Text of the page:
- Category: Liver Cancer/HCC
- Published on Tuesday, 02 June 2015 00:00
- Written by Liz Highleyman
Bristol-Myers Squibb's PD-1 immune checkpoint inhibitor nivolumab (Opdivo) was a star of the show at the American Society of Clinical Oncology (ASCO) annual meeting this week in Chicago, with study results showing that the drug demonstrated anti-tumor activity against hepatocellular carcinoma in a Phase 1/2 study, along with further Phase 3 evidence of its effectiveness against lung cancer and melanoma.
Over years or decades, chronic hepatitis B or C virus (HBV or HCV) infection, heavy alcohol use, and other factors can lead to advanced liver disease including cirrhosis (accumulation of scar tissue) and hepatocellular carcinoma (HCC), a type of liver cancer.
HCC is often diagnosed late, remains difficult to treat, and is a leading cause of cancer death worldwide. The tyrosine kinase inhibitor sorafenib (Nexavar) is currently the only FDA-approved drug for liver cancer that cannot be surgically removed, but it typically only extends survival by a few months and more effective therapies are needed.
Anthony El-Khoueiry from the Norris Comprehensive Cancer Center at the University of Southern California and colleagues evaluated nivolumab for patients with advanced hepatocellular carcinoma in a Phase 1/2 trial (CA209-040/ NCT01658878).
Nivolumab is a human monoclonal antibody that targets PD-1(programmed death protein 1), a cell signaling molecule expressed on immune cells. PD-1 plays a role in regulating immune response by dampening excessive immune activation. By blocking PD-1 or its ligand (binding partner) PD-L1, checkpoint inhibitors like nivolumab can release or re-enable immune responses against cancerous cells. Prior research has shown that HCC tumors that express high levels of PD-L1 have poor prognosis. Nivolumab is currently FDA-approved for advanced melanoma and non-small cell lung cancer.
This multiple ascending dose trial enrolled 47 participants with histologically confirmed advanced HCC, of whom 11 had active hepatitis B and 12 had hepatitis C. They had progressive disease with Child-Pugh Class B scores of 5 or 6 (indicating relatively good liver function) and ECOG scores of 0 (asymptomatic) or 1 (some symptoms but fully ambulatory). Most had portal vein tumor invasion or metastasis beyond the liver. About 75% had previously been treated for HCC, including 68% with prior sorafenib.
All participants were treated with intravenous infusions of nivolumab at doses of 0.1 to 10.0 mg/kg every other week for up to 2 years; there was no comparator drug or placebo in this early clinical trial. The primary endpoint was safety, with a secondary endpoint of anti-tumor activity.
- At the time of this interim analysis 17 patients remained on treatment, while the rest had discontinued therapy due to disease progression (26 patients), adverse events (2 with drug-related events), or complete response.
- Among the 42 participants who could be evaluated for efficacy, 8 (19%) showed anti-tumor responses with tumor reduction of at least 30%.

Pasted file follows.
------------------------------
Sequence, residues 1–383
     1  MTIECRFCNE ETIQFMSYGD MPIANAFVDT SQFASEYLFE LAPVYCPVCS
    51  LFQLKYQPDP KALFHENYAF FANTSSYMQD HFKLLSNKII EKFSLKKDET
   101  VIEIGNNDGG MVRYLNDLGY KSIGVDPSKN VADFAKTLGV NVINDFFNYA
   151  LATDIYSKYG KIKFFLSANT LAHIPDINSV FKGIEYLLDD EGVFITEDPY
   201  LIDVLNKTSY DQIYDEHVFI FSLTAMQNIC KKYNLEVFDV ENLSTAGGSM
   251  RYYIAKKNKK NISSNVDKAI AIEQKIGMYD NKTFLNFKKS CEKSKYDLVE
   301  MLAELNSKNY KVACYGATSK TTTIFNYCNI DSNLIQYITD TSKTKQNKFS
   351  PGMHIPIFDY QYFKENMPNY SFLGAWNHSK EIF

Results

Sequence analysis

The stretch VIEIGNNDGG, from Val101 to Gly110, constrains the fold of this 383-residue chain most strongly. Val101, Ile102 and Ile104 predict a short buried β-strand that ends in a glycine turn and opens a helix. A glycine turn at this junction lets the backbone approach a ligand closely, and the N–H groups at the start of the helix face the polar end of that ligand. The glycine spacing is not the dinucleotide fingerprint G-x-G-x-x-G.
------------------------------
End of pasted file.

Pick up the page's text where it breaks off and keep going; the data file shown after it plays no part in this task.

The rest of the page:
- 2 of these patients (5%) experienced complete responses, while 6 patients (14%) had partial responses.
- Response duration ranged from 1.4 to 12.5 months
- The overall survival rate was 62% at 12 months.
- Treatment with nivolumab was generally safe and well-tolerated.
- 32 participants (68%) experienced any drug-related adverse events, including 19% with grade 3/4 events.
- Adverse events reported by at least 15% of patients included skin rash (17%) and ALT, AST, lipase, and amylase elevations.
- There was no evidence of liver "flares" or worsening of HBV or HCV infection.
- No maximum tolerated dose of nivolumab was determined.
"Nivolumab monotherapy has a manageable safety profile in patients with HCC, including those with HBV or HCV infection," and "durable responses were observed across all dose levels and etiologic cohorts," the researchers concluded. "Encouraging 12-month overall survival was observed."
The response rates with nivolumab in this study compare favorably with a complete response rate of around 2% and a 1-year overall survival rate of about 30% with sorafenib.
"These preliminary data are encouraging and support the ongoing evaluation of nivolumab in this patient population, as they show promising preliminary survival data, and durable partial or complete response in 1 out of 5 nivolumab-treated patients, with many others experiencing stable disease," El-Khoueiry stated in a Bristol-Myers Squibb press release.
Commenting on the findings, Lawrence Fong from the University of California at San Francisco said, "For this disease with limited treatment options, nivolumab shows that patients can achieve a durable response." He added that the study allays concerns that immune checkpoint inhibitors may not be safe for people with viral infections such as HBV or HCV.
Anthony El-Khoueiry, I Melero, TS Crocenzi, et al. Phase I/II safety and antitumor activity of nivolumab in patients with advanced hepatocellular carcinoma (HCC): CA209-040. 2015 American Society of Clinical Oncology (ASCO) Annual Meeting. Chicago, May29-June 2, 2015. Abstract LBA101.
Bristol-Myers Squibb. Phase I/II Opdivo (nivolumab) Trial Shows Bristol-Myers Squibb’s PD-1 Immune Checkpoint Inhibitor is First to Demonstrate Anti-Tumor Activity In Patients With Hepatocellular Carcinoma. Press release. May 29, 2015.
ASCO. Nivolumab in HCC and Pembrolizumab in Tumors with Mismatch Repair Deficiency. ASCO Daily News. May 31, 2015.